Weekly Market Update: November 21, 2022

Market Data as of Week Ending: 11/18/2022 unless noted otherwise

U.S. stock prices declined last week as investor sentiment shifted on mixed economic data. Third quarter earnings results were generally better than expected with 69% of S&P 500 companies reporting a positive earnings surprise and growth of just above 2%. However, according to FactSet, expectations for earnings growth in the fourth quarter have flipped from a gain of nearly 4% on September 30th to a decline of more than 2%. Value stocks rotated back into favor while large companies generally outperformed their small and mid-sized peers. Most of the major economic sectors ended the week lower, most notably, the consumer discretionary sector where mega cap stocks such as Amazon and Tesla struggled. Traditionally defensive sectors including utilities, consumer staples, and health care were the only sectors to generate gains for the week. Developed foreign and emerging markets stocks recorded gains again for the week and generally outperformed domestic equities.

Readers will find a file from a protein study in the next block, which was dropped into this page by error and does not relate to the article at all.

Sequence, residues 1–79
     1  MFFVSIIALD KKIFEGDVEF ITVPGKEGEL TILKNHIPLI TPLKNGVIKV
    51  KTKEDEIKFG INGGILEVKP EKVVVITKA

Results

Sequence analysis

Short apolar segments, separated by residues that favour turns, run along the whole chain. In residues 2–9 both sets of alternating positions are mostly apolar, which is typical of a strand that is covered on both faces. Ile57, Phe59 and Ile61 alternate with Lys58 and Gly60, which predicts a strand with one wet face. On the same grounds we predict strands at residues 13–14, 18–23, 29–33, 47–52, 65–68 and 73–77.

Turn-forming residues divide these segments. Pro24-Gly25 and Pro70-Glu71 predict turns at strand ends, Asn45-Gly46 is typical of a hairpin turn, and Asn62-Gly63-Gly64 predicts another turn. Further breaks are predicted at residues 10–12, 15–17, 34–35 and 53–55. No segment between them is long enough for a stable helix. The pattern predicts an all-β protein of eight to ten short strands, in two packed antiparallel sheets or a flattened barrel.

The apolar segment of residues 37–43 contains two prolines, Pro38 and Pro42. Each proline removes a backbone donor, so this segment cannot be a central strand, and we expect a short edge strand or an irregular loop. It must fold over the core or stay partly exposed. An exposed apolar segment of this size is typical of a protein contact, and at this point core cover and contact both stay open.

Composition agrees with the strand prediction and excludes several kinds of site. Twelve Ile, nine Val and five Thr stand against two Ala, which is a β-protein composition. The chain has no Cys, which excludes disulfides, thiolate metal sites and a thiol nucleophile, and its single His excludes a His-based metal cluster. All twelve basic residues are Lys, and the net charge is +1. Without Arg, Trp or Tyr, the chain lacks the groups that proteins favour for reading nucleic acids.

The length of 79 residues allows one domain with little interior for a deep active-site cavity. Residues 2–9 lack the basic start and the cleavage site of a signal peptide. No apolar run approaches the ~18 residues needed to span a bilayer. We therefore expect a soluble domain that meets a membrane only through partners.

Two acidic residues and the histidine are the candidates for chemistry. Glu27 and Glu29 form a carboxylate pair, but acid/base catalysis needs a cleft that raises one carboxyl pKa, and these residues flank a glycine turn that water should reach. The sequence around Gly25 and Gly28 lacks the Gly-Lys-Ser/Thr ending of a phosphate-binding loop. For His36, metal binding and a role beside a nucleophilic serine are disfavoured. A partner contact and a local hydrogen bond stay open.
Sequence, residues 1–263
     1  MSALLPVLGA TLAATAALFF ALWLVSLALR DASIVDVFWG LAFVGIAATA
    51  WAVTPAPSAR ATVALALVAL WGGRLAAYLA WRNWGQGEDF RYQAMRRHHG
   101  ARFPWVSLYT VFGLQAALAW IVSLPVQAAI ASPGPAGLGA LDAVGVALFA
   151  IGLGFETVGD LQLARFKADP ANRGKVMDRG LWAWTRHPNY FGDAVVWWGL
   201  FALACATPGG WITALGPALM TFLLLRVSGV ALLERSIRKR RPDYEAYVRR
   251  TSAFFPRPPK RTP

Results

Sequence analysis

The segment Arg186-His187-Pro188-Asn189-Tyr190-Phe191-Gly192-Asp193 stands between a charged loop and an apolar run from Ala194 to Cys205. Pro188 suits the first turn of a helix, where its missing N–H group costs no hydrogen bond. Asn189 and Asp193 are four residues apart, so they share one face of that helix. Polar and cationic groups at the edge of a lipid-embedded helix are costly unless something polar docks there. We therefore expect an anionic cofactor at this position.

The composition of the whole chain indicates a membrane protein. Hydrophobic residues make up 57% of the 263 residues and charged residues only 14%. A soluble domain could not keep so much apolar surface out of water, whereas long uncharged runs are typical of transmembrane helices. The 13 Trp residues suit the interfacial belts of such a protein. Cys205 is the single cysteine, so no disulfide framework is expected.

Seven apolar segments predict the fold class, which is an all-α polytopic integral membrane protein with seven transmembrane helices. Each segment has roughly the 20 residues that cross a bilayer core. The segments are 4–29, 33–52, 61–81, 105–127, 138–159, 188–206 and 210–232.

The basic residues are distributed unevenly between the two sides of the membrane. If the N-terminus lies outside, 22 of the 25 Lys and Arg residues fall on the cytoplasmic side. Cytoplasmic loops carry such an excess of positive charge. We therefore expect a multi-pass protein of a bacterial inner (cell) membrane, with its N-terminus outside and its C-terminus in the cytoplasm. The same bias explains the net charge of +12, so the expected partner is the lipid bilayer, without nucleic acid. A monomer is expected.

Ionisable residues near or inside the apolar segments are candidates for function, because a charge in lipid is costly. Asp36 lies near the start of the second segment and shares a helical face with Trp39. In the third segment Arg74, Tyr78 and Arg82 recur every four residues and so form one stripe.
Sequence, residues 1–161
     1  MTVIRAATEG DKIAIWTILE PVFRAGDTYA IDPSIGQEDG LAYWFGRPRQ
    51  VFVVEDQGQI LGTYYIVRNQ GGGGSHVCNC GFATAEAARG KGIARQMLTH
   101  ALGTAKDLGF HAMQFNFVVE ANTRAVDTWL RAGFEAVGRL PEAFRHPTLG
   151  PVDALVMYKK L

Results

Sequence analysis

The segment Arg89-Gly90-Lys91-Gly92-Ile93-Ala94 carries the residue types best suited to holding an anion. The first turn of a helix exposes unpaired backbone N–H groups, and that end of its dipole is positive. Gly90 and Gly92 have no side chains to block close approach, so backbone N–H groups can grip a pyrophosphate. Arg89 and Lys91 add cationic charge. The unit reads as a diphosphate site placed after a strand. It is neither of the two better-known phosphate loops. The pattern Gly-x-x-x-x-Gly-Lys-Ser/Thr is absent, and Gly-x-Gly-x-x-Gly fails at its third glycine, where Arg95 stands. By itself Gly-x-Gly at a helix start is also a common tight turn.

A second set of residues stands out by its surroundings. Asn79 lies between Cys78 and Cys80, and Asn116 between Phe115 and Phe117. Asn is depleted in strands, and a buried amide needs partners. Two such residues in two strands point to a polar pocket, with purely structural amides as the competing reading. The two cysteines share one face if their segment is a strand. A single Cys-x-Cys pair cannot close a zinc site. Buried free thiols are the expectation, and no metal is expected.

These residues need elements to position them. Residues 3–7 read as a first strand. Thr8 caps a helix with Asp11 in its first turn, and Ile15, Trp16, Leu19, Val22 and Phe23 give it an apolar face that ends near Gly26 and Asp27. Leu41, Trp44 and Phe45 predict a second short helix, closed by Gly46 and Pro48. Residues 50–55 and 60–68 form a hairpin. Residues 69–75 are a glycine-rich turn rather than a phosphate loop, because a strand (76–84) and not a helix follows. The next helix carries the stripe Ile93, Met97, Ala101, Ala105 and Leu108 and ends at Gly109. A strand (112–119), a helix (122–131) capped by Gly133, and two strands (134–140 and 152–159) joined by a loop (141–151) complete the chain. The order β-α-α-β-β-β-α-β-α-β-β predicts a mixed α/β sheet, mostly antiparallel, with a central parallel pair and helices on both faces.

U.S. Treasury yields were mixed across the curve as the difference between the 2-year and 10-year U.S. Treasury yield declined to its lowest level in over 40 years. The 10-year narrowly increased to end the week at 3.93% and the 2-year increased to 4.72%. Yields dropped for long duration bonds, and they significantly outperformed last week. Long investment grade corporate bonds were the best performing segment; however, high yield corporate bonds were the best performing segment among intermediate term bonds. Yields declined for both investment grade corporate and high yield bonds, ending the week at 5.5% and just above 8.8%, respectively.

Economic data was mixed with notable strength in the retail sales report, a resilient labor market, and continued weakness in housing. Retail sales increased 1.3% in October, in a show of strength across a broad variety of goods and services despite nearly a four-decade-high inflation rate. After adjusting for inflation, sales still rose 0.8% and a core measure that excludes sales on gas, food, autos, and materials, also rose 0.7%. Demand for labor remains robust as the weekly initial jobless claims decreased by 4,000 to 222,000 and further complicates central bank policy decision making in December. Existing home sales declined for a ninth straight month in October, the longest streak of declines on record according to the National Association of Realtors. Peak inflation has not reached the U.K. as they reported a sharp increase of 11.1% in October, its highest level in more than 40 years.

See it by the numbers.

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